KL-7 rotor machine on the HMS Belfast
Although some details are still classified, quite a lot of information has emerged about how the machine worked. We (that is, the plebs with no security clearance) know that it used a scrambler consisting of 8 rotors, each with 36 contacts. It appears that some of the contacts were used in a "loopback" arrangement; that is, 10 of the contacts at the end of the scrambler were wired to 10 of the contacts at the start of the scrambler. This meant that the machine operated on a 26-letter alphabet, but that some outputs represented current which had passed several times through the scrambler. Here's a diagram of how this sort of thing works:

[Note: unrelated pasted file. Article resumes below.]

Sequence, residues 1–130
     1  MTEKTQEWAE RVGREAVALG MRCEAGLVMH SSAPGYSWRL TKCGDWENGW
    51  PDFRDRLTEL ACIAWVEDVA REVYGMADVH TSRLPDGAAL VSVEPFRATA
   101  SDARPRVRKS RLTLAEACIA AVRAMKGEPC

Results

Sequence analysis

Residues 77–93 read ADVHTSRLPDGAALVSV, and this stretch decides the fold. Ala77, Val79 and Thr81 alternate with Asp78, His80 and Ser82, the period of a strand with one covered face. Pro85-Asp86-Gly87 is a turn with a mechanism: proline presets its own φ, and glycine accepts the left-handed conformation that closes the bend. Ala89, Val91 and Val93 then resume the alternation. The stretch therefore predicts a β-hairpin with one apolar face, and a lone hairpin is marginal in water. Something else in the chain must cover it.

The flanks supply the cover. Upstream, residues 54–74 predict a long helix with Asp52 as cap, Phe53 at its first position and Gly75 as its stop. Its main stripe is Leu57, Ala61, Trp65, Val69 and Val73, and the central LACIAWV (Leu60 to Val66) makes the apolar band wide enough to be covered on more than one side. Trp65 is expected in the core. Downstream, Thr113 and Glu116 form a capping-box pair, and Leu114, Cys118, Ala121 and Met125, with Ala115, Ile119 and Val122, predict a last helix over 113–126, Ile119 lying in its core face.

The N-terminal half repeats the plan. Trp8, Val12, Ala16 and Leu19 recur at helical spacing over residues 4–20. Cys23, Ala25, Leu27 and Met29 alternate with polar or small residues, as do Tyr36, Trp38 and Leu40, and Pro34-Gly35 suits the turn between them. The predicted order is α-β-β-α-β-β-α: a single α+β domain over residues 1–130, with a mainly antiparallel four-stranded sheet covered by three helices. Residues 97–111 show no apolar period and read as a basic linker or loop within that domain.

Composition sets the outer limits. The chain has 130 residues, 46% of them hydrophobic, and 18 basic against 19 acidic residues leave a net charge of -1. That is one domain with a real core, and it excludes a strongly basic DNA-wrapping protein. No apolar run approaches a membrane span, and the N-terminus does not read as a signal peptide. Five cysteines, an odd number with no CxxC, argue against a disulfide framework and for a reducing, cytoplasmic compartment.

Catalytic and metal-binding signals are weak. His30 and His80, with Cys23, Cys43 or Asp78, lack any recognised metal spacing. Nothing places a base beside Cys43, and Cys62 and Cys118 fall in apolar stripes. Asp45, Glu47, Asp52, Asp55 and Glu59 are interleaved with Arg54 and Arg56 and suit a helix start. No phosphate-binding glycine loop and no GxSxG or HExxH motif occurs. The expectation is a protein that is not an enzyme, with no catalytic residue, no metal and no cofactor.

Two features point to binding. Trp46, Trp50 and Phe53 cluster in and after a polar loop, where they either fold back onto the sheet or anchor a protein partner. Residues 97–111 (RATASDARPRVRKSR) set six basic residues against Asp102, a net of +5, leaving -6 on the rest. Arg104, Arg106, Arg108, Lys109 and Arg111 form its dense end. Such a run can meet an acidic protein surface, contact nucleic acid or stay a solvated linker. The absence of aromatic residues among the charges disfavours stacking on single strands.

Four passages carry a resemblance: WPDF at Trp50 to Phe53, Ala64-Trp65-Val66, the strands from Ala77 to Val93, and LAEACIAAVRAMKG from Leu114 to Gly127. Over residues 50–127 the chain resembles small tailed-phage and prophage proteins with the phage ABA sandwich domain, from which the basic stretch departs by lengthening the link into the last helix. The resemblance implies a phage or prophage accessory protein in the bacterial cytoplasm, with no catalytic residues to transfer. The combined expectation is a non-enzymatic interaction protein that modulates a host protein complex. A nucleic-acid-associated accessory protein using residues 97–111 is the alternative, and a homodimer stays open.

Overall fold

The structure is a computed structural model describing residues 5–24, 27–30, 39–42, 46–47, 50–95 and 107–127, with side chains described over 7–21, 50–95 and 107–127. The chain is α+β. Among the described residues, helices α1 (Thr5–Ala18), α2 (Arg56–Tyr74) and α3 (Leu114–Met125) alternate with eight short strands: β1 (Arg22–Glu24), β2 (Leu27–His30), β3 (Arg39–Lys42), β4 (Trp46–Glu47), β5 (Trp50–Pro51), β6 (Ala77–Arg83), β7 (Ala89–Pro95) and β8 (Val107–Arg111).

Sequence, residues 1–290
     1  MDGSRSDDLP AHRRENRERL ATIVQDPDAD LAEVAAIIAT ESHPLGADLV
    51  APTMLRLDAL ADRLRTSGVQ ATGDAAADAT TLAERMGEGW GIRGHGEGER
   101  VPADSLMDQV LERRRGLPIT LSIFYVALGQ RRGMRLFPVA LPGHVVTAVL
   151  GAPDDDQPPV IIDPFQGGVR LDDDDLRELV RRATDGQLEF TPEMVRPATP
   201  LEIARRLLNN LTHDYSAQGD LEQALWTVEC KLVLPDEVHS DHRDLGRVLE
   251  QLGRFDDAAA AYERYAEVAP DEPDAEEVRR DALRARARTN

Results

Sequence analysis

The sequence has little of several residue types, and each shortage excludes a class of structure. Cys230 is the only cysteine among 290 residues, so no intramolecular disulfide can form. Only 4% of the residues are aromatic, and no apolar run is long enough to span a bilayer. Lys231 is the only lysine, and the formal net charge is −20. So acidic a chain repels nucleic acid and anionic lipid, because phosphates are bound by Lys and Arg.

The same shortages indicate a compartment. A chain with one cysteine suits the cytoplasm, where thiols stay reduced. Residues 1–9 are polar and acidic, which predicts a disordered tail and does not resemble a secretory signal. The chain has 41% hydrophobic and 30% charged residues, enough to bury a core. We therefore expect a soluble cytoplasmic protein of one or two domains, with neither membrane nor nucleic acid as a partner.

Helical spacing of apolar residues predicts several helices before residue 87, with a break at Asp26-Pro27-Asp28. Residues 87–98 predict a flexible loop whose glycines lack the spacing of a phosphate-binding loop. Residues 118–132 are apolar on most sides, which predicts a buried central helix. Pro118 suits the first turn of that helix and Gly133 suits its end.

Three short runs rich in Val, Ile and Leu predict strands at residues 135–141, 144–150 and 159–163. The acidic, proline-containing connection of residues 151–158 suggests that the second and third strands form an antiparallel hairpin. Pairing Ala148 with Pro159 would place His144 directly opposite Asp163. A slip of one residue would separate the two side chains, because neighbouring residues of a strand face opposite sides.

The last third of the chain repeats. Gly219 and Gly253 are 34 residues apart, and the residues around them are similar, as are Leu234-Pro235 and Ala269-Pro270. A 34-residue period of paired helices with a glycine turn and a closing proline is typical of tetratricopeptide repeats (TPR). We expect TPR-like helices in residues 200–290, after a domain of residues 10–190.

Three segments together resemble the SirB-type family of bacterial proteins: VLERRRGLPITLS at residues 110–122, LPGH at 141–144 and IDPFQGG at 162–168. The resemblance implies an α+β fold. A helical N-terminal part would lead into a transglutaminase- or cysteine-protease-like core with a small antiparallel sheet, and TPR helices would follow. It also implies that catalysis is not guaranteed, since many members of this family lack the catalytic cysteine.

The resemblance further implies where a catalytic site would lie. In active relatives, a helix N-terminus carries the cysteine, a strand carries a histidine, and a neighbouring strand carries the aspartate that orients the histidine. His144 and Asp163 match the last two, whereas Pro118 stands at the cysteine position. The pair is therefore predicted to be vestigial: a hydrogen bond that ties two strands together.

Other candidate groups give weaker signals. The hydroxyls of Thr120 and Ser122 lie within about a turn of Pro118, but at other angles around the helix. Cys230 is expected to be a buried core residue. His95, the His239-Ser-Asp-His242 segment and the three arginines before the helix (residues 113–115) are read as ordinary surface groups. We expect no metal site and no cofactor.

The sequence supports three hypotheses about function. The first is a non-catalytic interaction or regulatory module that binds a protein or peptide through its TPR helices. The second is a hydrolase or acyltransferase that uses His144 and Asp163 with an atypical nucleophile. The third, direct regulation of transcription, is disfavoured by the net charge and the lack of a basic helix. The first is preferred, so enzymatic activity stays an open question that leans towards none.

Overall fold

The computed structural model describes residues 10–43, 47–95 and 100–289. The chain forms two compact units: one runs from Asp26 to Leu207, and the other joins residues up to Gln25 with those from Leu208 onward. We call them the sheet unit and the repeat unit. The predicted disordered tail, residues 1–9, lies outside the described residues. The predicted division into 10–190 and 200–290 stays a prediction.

This feature would make cryptanalysis much more complex, as an attacker would have to take into account that an output could represent one, two, or more passes through the rotors.
One detail that's not yet known is precisely how the rotors stepped. We do know that one of the middle rotors was stationary during encipherment, and that each rotor had a detachable ring of plastic around its circumference with a series of bumpy bits. These operated microswitches to control the stepping.
While it was great to see a KL-7 exhibited on board the Belfast, I was a little miffed to find that it was poorly illuminated and, more damningly, that it was not even labelled.